Malacañang announced Thursday that COVID-19 vaccines from Pfizer and Russia’s Gamaleya Institute, which were recently approved by the Food and Drug Administration for emergency use, could possibly arrive in February.
According to Presidential Spokesperson Harry Roque, he can’t say the amount of shots Filipinos can benefit from.
“Makakatanggap na rin daw tayo ng ilang bakuna galing sa Pfizer as early as February… Alam ko po, hindi gaanong karami ang matatanggap natin,” Roque said during an online briefing as he quoted vaccine czar Secretary Carlito Galvez.
“Patunay po iyan na di tayo pumapabor kahit anong brand. Kung alin ang makakarating sa Pilipinas sa lalong madaling panahon, iyan po ang kukuhanin natin,” he added.
However, Roque literally said before the briefing that only China’s Sinovac vaccine will be available from February until June.
“From February to June, there is no other choice because only one vaccine will be available, the one that will come from China,” Roque said previously.
“If approved by FDA, they are safe and proven effective. So the brand is not important,” he added.
FDA head Rolando Enrique Domingo is optimistic that the Pfizer-BioNTech vaccine can prevent COVID-19. The vaccine currently has a success rate of 95 percent.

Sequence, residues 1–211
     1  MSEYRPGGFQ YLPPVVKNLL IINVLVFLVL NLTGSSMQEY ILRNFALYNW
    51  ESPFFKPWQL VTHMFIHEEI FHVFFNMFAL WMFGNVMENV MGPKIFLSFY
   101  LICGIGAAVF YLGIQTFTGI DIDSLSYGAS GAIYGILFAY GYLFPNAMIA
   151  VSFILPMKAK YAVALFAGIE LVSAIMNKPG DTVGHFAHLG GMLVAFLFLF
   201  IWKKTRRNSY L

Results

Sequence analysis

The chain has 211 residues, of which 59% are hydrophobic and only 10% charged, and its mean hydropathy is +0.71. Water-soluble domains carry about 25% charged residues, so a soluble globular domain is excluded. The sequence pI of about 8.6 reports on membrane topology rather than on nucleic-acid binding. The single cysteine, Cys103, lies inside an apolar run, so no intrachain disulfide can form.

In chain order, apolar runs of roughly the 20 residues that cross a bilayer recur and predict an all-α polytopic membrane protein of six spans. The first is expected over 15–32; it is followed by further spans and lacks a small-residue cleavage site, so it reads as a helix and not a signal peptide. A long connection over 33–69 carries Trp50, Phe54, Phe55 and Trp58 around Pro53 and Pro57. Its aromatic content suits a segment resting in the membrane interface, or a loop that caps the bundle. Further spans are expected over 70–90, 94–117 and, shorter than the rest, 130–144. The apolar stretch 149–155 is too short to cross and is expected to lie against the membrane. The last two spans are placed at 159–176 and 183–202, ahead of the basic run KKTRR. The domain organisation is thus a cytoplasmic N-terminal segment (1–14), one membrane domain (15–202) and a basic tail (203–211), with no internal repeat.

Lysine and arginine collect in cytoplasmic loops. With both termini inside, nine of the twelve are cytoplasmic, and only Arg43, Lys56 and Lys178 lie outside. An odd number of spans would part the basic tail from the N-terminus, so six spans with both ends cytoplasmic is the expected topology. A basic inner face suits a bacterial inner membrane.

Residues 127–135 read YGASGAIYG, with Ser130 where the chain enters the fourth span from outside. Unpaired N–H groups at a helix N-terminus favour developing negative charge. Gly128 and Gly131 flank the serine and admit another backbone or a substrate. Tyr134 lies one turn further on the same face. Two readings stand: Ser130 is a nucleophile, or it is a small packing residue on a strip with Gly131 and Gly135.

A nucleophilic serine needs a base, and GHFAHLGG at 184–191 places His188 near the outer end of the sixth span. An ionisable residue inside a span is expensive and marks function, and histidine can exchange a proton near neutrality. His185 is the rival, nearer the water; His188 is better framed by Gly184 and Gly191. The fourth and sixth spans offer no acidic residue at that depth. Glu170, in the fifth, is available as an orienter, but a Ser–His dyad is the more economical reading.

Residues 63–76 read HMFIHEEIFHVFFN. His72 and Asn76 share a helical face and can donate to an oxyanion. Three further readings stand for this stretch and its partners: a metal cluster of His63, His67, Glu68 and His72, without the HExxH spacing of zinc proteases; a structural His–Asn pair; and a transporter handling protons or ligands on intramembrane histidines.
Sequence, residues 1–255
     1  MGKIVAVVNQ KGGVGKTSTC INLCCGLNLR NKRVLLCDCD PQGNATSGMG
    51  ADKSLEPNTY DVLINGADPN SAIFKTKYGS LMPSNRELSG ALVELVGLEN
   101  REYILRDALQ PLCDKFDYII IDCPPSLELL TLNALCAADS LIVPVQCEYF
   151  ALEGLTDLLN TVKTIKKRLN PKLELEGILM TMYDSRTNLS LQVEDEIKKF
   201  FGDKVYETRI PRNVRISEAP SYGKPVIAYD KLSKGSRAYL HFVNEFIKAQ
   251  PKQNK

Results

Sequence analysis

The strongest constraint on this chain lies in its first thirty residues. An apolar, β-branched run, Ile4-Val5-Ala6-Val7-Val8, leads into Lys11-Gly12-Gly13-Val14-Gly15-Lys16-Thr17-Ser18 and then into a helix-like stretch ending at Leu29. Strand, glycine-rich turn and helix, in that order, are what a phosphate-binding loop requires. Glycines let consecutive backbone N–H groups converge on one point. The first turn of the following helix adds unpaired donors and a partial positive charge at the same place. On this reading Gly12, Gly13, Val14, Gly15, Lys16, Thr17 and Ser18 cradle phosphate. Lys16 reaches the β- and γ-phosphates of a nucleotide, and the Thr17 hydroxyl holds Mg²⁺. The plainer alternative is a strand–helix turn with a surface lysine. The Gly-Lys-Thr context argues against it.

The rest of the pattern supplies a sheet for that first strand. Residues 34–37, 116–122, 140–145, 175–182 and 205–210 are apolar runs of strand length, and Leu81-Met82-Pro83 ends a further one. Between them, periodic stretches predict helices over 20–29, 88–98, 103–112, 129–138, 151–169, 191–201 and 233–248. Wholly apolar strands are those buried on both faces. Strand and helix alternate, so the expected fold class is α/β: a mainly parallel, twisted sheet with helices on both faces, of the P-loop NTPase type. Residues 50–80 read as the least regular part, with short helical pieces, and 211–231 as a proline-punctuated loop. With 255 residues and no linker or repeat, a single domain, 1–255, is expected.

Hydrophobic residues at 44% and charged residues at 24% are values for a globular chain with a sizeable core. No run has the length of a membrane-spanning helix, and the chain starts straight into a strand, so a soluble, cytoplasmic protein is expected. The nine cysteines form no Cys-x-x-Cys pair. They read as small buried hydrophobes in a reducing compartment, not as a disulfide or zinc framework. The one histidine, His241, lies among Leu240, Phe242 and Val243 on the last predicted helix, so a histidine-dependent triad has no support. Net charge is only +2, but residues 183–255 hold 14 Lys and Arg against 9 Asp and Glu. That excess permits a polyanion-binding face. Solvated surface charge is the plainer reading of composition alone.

“Hindi rin po imposible na by February, baka mayroon na rin tayong maangkat [na COVID-19 vaccine] galing po sa Gamaleya ng Russia,” Roque said.
Domingo also revealed that Sinovac just submitted its emergency use authorization application on Wednesday. The Chinese vaccine, CoronaVac, based on results from trials in Brazil only has an efficacy rate of 50.4 percent. But the Philippines is already expecting 25 million jabs, with 50,000 incoming next month.
President Rodrigo Duterte himself said CoronaVac is just as good as the vaccines made by firms in America and Europe.
The Philippines was late in securing vaccines but still hopes to vaccinate up to 70 million people.
Galvez also said that supply deals with Novavax, Moderna, AstraZeneca, Johnson & Johnson, and Gamaleya Institute are now firmed-up.
The FDA is still looking at AstraZeneca’s and Gamaleya’s applications for emergency use.
AstraZeneca and Gamaleya have pending emergency use applications with the FDA.
Health Secretary Francisco Duque earlier said the demand for vaccines would cause chaos.
“It is not good if we will be fighting among ourselves for the vaccines,” he noted during a radio interview.
He noted that the “highest bidder” can get all the vaccines they want.
“If that will be free-for-all, those who are affluent and the bigger companies will be the ones to get the vaccines first. It is difficult if there is no orchestrator,” he added.